It had been a hell of a day.
Kaidan slumped into his sleeper pod and lay back, hands behind his head. Better to call it the day from hell, he thought. He couldn’t remember the last time he’d felt so exhausted, yet so unable to sleep.
They’d just returned from their first mission. Nihilus was dead; Jenkins was dead; that William’s girl’s unit was dead; half of Eden Prime’s main colony was dead. And yet, all he could think about was the one person who wasn’t dead: not quite – though she hadn’t moved in hours. Shepard was lying in the med bay – just a wall separated his sleeper pod from her medical bed.
He had stayed by her side as long as he could. At first, he assisted Doctor Chakwas in making sure that Shepard was stabilized, in trying to find any information about Prothean beacons that he could dig up from the extranet. There had been little to go on.
When Shepard finally appeared to have settled into a strange, deep sleep - not quite a coma, but not quite a normal rest - the doctor had shooed him out of the med bay.
“Get some rest, Alenko,” she’d said. “You’ve been in here for hours.”
So now here he lay, resting.
Resting was harder than helping, he thought. Resting meant he had time to think back to the events of the day, to play over and over again that horrible moment when he thought he’d lost the commander.
Kaidan turned to his side and closed his eyes, but the face of Shepard stayed in his mind. He imagined that he could still feel her, too. She had been so warm and soft in his arms when he’d rolled her onto her back. Without her biotic barriers, without that steely look in her eye and that set to her chin, she’d looked so…young. To look at her on the battlefield, you would have thought that she could never be stopped. The woman had blazed a trail through the decimated colony. To see her fall so suddenly was an unexpected as it had been terrible.
And it was all his fault. He had triggered that beacon, he had set off whatever it was that had ensnared Shepard. And though Williams had told him it wasn’t his fault and the captain had told him it wasn’t his fault, Kaidan just could not shake the knowledge that it was, in fact, entirely his fault.
Jenkins was dead, the beacon destroyed, and the commander might well die in a medical bay, her mind destroyed by his idiotic interference.
She had to wake up, he thought to himself. He didn’t know how he would stand it if she didn’t.
Kaidan didn’t remember when he had fallen asleep. He only remembered waking, feeling instantly restless. He got out of his sleeper pod, set it to self-clean for the next person’s shift, and went to grab a coffee from the mess hall. Ashley Williams sat at the table, a bowl and a mug of cold, black coffee before her.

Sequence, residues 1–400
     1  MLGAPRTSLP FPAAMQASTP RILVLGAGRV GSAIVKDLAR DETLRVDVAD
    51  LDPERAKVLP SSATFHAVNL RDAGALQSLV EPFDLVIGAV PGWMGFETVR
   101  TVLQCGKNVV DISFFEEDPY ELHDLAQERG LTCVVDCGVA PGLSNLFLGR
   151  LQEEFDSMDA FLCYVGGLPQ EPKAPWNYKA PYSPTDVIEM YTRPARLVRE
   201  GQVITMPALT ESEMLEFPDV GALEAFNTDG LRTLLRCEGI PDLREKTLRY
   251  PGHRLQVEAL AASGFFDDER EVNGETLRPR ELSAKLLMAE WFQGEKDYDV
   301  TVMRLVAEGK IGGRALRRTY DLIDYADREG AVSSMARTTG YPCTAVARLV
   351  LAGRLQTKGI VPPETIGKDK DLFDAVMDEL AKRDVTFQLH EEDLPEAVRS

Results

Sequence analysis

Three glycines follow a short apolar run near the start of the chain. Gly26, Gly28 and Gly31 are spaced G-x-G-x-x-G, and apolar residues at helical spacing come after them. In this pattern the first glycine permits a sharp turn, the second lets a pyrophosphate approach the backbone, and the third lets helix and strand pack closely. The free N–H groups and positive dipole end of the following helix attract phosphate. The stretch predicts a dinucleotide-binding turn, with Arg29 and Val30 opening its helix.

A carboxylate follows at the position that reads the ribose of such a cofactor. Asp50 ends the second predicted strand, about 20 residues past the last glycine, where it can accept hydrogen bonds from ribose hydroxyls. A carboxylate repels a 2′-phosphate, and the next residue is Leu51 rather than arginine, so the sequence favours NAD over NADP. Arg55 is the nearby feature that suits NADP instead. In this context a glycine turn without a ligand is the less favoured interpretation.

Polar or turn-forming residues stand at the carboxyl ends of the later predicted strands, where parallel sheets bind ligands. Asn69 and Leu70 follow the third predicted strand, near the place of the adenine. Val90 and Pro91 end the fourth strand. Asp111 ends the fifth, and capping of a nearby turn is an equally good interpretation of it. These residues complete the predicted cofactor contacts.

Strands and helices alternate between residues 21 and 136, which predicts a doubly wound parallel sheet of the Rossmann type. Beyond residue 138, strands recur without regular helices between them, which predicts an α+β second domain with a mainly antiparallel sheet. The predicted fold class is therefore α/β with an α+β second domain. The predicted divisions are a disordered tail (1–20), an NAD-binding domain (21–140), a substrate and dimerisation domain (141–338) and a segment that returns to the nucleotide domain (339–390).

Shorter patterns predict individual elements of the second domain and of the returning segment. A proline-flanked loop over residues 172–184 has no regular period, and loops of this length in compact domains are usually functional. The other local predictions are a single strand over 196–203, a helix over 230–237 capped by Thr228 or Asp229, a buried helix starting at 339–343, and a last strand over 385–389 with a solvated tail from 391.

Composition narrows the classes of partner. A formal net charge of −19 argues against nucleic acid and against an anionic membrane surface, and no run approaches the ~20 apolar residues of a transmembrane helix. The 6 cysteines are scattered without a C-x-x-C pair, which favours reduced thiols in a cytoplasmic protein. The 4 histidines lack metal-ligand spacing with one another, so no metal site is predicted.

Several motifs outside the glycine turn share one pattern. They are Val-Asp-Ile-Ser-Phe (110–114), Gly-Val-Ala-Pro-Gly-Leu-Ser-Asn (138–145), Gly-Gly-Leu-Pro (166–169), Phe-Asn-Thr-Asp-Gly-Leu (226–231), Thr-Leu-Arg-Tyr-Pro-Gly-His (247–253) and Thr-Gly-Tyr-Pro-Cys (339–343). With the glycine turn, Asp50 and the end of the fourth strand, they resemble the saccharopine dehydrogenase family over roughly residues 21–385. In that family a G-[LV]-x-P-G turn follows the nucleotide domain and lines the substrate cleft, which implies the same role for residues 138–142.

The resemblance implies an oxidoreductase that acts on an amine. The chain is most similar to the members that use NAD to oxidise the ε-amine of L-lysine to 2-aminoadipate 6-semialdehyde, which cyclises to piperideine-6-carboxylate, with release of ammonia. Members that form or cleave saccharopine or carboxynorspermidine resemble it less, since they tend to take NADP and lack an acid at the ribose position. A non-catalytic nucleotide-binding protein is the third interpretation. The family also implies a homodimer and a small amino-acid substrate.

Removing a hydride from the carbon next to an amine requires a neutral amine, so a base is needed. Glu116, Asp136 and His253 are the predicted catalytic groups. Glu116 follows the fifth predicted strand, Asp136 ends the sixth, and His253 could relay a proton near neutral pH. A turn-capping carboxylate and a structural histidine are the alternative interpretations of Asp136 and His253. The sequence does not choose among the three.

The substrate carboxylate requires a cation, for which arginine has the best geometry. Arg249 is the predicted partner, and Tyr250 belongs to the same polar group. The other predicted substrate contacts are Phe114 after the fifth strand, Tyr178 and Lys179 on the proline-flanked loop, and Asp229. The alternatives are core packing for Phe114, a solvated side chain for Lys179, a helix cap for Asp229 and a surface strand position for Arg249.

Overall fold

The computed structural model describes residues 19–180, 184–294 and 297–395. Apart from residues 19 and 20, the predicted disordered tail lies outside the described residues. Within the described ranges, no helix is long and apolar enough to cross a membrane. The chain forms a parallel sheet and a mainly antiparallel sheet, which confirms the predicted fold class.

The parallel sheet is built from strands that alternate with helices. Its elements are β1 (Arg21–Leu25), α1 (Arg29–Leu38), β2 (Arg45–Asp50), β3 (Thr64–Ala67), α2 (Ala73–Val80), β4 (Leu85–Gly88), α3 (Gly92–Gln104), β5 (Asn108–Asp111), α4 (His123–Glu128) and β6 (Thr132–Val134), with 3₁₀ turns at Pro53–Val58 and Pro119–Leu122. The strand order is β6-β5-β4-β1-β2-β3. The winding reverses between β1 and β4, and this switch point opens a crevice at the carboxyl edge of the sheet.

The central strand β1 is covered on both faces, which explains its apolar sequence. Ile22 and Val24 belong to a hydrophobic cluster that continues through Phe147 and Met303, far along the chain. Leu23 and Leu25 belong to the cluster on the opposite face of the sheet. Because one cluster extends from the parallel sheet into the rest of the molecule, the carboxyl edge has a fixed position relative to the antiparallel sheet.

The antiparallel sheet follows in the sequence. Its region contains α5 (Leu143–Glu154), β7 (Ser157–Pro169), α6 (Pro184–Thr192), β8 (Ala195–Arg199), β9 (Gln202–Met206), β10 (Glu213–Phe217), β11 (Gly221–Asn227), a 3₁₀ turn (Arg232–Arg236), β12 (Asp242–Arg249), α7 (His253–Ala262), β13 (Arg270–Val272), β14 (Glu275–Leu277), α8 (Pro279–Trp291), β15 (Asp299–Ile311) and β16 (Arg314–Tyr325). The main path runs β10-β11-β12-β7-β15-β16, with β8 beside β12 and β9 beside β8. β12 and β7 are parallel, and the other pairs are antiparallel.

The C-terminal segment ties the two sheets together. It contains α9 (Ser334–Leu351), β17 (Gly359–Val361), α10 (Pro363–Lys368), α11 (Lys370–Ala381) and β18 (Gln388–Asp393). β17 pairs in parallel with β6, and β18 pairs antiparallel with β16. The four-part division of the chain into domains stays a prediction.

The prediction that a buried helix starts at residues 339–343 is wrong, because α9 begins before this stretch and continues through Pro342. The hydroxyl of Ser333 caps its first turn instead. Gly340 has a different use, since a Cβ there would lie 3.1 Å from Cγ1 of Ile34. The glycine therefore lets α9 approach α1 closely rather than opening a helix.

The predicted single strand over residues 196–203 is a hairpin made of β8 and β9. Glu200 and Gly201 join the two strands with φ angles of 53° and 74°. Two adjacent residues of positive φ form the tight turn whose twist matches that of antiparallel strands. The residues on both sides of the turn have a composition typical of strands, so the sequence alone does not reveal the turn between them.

“Hey,” he said.
“Hey,” she replied. She poked at whatever was in her bowl. Protein surprise, it looked like. “So…” she said.
“So…?” Kaidan asked.
“You told the captain I should stay?”
“Thanks.” She poked at her bowl again. Kaidan watched her for a moment. Poor kid, he thought. She looked as if she hadn’t slept a wink. He probably didn’t look much better.
“You gonna be okay?” he asked.
“My whole unit’s dead and I’m only here because one of your team died, too!” she exploded, slamming a fist on the table. “Your commander is in the med bay in a freaking coma! Of course I’m not okay!” Kaidan just blinked at her outburst. The girl sobered instantly, then frowned into her bowl.
“She took a head shot for me,” Ashley murmured. “Pushed me out of the way when that geth… I thought she was dead. Biotic barriers though. You two are freakin’ crazy.”
Kaidan smiled a little in spite of himself. Biotics did not make one invincible, but you’d never know that to watch Shepard in action. She was precise and tactical: watching her fight was like watching someone go through the motions of a dance. She’d only needed one pistol after all - and her biotics and a a few grenades.
At the thought of the commander, Kaidan sobered again. He looked to the medbay, remembering again why it was they were out here, waiting.
“Any word on the commander?” he asked the chief.
“Chakwas promised to call me the moment she woke up,” Williams replied. “Last I heard, the commander is holding steady, but still out cold.”
“When was that?” Kaidan asked.
“An hour ago.”
“I think I’ll go check in on her,” he said. “You know, see if I can offer any medical help.”
“Medical help?” Williams murmured as the lieutenant walked away. “Huh. Is that what they’re calling it these days?”